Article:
If a company becomes insolvent or faces financial difficulties, do not rush to change management or transfer shares. Not only does this not help avoid liability, it increases the risk.

When one company goes bankrupt, and the newly established company continues the same activities, takes over contracts with clients, hires the same employees, and uses the same suppliers, these can be considered signs of intentional bankruptcy, leading to civil and criminal liability.

Out-of-court insolvency – a less painful process

Bankruptcy is an unpleasant process. The manager loses his/her powers, and the performance he/she created is handed over to the insolvency administrator. The latter assesses the company's transactions, disputes those that may have violated the company's interests, and has the right to claim damages from the manager or shareholders. Moreover, there is always a risk that the insolvency administrator will apply for a declaration of fraudulent bankruptcy.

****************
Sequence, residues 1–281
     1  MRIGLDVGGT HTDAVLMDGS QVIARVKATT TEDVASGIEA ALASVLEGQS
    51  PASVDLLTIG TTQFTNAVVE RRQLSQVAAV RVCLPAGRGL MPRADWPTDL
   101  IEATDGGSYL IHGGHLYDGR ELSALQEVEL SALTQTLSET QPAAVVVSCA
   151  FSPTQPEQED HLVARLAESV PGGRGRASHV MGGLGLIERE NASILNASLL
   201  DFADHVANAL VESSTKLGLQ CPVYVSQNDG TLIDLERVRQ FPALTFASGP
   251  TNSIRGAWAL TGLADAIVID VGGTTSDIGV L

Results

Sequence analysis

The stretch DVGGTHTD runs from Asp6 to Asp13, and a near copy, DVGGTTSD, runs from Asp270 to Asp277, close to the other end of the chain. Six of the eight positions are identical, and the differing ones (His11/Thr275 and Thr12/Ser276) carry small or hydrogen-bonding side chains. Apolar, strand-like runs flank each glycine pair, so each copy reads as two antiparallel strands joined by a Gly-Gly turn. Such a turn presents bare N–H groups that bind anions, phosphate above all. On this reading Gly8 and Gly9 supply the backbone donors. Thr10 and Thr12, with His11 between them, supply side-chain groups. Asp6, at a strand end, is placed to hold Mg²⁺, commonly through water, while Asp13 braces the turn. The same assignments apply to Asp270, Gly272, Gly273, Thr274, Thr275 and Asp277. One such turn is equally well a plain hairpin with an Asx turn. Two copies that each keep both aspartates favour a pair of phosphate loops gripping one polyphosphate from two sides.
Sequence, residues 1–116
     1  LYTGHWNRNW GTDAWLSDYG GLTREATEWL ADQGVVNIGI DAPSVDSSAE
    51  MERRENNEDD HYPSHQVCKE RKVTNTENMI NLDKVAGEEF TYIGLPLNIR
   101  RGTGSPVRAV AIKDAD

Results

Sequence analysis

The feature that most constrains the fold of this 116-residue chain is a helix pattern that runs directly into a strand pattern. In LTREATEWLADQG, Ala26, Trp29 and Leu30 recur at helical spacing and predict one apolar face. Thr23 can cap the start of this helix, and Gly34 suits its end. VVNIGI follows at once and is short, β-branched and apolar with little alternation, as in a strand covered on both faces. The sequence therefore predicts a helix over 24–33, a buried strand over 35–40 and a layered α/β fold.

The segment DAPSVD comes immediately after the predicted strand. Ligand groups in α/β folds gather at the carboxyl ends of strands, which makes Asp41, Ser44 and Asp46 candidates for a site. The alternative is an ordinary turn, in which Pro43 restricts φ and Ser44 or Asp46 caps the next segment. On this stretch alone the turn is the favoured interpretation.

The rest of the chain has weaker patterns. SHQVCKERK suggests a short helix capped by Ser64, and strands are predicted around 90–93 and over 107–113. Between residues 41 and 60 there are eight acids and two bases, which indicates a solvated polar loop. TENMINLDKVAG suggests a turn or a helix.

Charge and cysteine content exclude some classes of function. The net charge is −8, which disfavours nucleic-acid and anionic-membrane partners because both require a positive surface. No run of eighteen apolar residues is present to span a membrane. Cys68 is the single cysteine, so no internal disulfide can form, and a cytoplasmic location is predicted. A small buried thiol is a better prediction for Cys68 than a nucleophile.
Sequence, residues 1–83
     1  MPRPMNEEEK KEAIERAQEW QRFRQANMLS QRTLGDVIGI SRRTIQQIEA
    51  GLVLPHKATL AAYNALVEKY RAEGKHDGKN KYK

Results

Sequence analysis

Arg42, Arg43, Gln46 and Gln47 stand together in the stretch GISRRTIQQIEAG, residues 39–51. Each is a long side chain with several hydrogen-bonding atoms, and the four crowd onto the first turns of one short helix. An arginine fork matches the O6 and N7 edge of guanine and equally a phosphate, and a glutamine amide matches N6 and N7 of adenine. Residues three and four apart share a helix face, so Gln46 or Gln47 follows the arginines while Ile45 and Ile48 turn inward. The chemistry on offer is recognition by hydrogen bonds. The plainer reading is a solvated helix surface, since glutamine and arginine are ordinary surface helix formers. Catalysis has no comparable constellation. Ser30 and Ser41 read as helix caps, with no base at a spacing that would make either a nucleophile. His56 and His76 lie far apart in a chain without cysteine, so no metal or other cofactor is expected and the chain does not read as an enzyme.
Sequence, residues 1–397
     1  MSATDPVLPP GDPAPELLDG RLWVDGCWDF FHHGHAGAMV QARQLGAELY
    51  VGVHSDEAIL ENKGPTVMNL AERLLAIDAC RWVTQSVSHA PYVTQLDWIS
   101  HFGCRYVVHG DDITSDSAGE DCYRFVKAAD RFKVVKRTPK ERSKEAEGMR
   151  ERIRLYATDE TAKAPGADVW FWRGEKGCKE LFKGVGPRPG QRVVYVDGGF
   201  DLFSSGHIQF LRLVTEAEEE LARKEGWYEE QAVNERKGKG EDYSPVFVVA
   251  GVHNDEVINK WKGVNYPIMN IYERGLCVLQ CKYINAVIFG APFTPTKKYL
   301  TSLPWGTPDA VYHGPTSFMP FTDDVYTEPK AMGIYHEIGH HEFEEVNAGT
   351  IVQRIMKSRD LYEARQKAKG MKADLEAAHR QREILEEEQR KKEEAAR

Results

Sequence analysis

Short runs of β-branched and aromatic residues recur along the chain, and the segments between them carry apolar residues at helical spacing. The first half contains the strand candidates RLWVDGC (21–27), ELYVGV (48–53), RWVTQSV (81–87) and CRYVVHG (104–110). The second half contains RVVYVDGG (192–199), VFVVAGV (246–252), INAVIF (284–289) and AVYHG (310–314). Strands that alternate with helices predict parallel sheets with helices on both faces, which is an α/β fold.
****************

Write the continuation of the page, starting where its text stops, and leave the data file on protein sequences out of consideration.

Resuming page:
However, insolvency proceedings can also take place out of court. In such a case, the matters falling within the court's competence are decided and the insolvency administrator appointed by the creditors' meeting. This path is cheaper than court proceedings. At the same time, it is more flexible and more acceptable to creditors and companies. In addition, with the approval of creditors, the insolvency procedure can be replaced over time by restructuring.

Translated by Metropolio vertimai – your trusted translation partner

Norėdamas tęsti – užsiregistruok